Scats can reveal the presence and habitat use of cryptic rock-dwelling macropods

W Telfer, A GRIFFITHS, David Bowman

    Research output: Contribution to journalArticleResearchpeer-review

    Abstract

    The rock-dwelling macropod species of the tropics of the Northern Territory, Australia, are behaviourally elusive and difficult to observe in their rugged habitats. Hence, little is understood about their ecology. We evaluated the potential of using scats (faecal pellets) as a survey tool for this faunal assemblage by: (1) developing a key to the scats of the species; (2) examining the rates of loss and decomposition of short-eared rock-wallaby (Petrogale brachyotis) scats in these tropical environments; and (3) comparing the distribution of scats of P. brachyotis with the species' use of space and habitats as determined with radio-telemetry. Classification tree modelling discriminated the scats of the seven macropod species, primarily on the basis of width. The reliability of identification was greatly improved with larger sample sizes and inclusion of a habitat parameter. Rates of scat loss and decay were variable and the greatest losses occurred in the wet season, particularly on sandy soils. Scat censuses underestimated the total area used by P. brachyotis but the distribution of scats showed the same broad pattern of habitat use found by radio-telemetry. We conclude that scats can accurately indicate the presence and habitat preferences of rock-dwelling macropod species. � CSIRO 2006.
    Original languageEnglish
    Pages (from-to)325-334
    Number of pages10
    JournalAustralian Journal of Zoology
    Volume54
    Issue number5
    Publication statusPublished - 2006

    Fingerprint

    habitat use
    rocks
    radio telemetry
    habitats
    rock
    radiotelemetry
    feces
    Petrogale
    habitat
    Northern Territory
    Macropodidae
    habitat preferences
    tropical environment
    sandy soils
    fecal pellet
    pellets
    tropics
    wet season
    habitat selection
    sandy soil

    Cite this

    Telfer, W ; GRIFFITHS, A ; Bowman, David. / Scats can reveal the presence and habitat use of cryptic rock-dwelling macropods. In: Australian Journal of Zoology. 2006 ; Vol. 54, No. 5. pp. 325-334.
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    title = "Scats can reveal the presence and habitat use of cryptic rock-dwelling macropods",
    abstract = "The rock-dwelling macropod species of the tropics of the Northern Territory, Australia, are behaviourally elusive and difficult to observe in their rugged habitats. Hence, little is understood about their ecology. We evaluated the potential of using scats (faecal pellets) as a survey tool for this faunal assemblage by: (1) developing a key to the scats of the species; (2) examining the rates of loss and decomposition of short-eared rock-wallaby (Petrogale brachyotis) scats in these tropical environments; and (3) comparing the distribution of scats of P. brachyotis with the species' use of space and habitats as determined with radio-telemetry. Classification tree modelling discriminated the scats of the seven macropod species, primarily on the basis of width. The reliability of identification was greatly improved with larger sample sizes and inclusion of a habitat parameter. Rates of scat loss and decay were variable and the greatest losses occurred in the wet season, particularly on sandy soils. Scat censuses underestimated the total area used by P. brachyotis but the distribution of scats showed the same broad pattern of habitat use found by radio-telemetry. We conclude that scats can accurately indicate the presence and habitat preferences of rock-dwelling macropod species. � CSIRO 2006.",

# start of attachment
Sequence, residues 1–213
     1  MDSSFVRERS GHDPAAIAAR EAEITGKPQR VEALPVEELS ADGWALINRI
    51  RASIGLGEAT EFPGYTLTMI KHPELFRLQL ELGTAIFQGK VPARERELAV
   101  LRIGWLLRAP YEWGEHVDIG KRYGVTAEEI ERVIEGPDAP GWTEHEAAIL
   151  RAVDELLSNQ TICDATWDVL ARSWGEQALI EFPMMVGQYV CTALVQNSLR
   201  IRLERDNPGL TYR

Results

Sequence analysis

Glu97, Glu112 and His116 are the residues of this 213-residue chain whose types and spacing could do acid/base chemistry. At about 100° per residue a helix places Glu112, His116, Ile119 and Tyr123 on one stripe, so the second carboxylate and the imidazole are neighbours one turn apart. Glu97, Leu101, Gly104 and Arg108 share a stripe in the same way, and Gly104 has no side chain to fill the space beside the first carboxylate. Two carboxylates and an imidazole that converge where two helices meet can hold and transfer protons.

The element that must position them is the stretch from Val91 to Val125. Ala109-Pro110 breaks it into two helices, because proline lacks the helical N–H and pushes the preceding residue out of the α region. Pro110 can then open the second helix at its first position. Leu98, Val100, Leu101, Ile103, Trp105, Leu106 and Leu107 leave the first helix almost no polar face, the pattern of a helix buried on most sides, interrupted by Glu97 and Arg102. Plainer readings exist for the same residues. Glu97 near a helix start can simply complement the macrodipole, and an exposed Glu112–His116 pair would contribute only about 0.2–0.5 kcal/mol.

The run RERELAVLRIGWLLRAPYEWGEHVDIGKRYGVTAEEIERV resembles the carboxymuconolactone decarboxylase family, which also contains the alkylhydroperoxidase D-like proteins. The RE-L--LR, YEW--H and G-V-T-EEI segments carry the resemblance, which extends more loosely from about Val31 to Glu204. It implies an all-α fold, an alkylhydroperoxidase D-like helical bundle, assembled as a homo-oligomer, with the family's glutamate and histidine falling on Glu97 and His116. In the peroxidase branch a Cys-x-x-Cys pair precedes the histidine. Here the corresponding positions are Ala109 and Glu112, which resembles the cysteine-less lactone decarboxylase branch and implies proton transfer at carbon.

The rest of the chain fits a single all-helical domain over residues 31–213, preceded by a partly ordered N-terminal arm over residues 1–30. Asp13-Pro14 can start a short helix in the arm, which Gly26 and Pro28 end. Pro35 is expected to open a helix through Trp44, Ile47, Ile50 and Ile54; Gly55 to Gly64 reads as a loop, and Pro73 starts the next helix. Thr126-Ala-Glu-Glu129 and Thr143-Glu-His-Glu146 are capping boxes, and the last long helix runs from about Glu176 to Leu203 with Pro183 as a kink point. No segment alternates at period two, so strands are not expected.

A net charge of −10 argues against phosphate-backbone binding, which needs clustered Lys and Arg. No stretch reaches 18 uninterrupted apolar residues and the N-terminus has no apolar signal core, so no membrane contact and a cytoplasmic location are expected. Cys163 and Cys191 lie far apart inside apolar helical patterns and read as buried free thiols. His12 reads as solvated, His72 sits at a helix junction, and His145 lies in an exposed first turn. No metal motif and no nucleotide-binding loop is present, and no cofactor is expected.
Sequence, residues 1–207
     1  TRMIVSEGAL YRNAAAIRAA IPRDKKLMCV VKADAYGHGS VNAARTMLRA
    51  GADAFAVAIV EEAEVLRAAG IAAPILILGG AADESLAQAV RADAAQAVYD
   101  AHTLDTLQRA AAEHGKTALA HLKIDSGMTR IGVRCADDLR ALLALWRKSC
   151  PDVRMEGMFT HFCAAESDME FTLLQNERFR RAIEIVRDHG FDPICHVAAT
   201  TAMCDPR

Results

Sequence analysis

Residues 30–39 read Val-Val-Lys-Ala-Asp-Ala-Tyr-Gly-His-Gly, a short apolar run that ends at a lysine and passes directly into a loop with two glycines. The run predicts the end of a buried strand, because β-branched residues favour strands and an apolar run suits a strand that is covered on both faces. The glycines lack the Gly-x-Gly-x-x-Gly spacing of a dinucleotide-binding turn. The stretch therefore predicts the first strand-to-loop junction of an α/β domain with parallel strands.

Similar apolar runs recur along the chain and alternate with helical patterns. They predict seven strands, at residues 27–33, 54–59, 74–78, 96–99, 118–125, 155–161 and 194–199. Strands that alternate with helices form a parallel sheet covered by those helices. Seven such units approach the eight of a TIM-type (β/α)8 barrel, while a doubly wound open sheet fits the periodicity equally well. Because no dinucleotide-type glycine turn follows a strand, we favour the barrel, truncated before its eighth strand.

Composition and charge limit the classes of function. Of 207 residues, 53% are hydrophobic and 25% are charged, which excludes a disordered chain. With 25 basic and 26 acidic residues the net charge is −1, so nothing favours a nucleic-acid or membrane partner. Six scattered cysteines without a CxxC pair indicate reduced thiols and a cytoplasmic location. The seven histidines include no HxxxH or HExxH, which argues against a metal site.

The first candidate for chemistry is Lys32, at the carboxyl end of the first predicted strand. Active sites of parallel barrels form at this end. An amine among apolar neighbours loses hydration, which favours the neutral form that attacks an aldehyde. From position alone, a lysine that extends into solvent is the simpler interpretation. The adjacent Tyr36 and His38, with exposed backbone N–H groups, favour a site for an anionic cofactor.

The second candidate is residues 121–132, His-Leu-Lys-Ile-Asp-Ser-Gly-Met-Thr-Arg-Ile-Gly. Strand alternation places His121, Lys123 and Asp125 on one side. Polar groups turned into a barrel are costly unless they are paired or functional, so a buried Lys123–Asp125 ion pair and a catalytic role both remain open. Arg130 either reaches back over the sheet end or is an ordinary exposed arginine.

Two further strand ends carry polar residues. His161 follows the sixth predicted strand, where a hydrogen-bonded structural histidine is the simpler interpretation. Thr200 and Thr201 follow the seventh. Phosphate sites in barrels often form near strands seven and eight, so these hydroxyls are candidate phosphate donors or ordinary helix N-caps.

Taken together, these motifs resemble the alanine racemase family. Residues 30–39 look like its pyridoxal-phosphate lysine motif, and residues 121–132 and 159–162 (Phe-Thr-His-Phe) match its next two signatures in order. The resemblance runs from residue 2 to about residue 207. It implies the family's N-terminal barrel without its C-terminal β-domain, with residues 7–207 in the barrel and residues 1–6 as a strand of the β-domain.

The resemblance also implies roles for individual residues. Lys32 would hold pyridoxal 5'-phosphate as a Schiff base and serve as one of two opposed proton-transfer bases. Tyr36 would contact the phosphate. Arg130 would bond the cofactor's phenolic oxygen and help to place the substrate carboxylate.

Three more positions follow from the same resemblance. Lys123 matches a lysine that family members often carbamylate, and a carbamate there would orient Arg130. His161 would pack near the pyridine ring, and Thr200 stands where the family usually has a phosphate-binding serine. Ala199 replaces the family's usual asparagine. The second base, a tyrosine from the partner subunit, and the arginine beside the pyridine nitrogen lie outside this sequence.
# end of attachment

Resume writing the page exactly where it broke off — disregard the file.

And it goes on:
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    Telfer, W, GRIFFITHS, A & Bowman, D 2006, 'Scats can reveal the presence and habitat use of cryptic rock-dwelling macropods', Australian Journal of Zoology, vol. 54, no. 5, pp. 325-334.

    Scats can reveal the presence and habitat use of cryptic rock-dwelling macropods. / Telfer, W; GRIFFITHS, A; Bowman, David.

    In: Australian Journal of Zoology, Vol. 54, No. 5, 2006, p. 325-334.

    Research output: Contribution to journalArticleResearchpeer-review

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    AU - Bowman, David

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    N2 - The rock-dwelling macropod species of the tropics of the Northern Territory, Australia, are behaviourally elusive and difficult to observe in their rugged habitats. Hence, little is understood about their ecology. We evaluated the potential of using scats (faecal pellets) as a survey tool for this faunal assemblage by: (1) developing a key to the scats of the species; (2) examining the rates of loss and decomposition of short-eared rock-wallaby (Petrogale brachyotis) scats in these tropical environments; and (3) comparing the distribution of scats of P. brachyotis with the species' use of space and habitats as determined with radio-telemetry. Classification tree modelling discriminated the scats of the seven macropod species, primarily on the basis of width. The reliability of identification was greatly improved with larger sample sizes and inclusion of a habitat parameter. Rates of scat loss and decay were variable and the greatest losses occurred in the wet season, particularly on sandy soils. Scat censuses underestimated the total area used by P. brachyotis but the distribution of scats showed the same broad pattern of habitat use found by radio-telemetry. We conclude that scats can accurately indicate the presence and habitat preferences of rock-dwelling macropod species. � CSIRO 2006.

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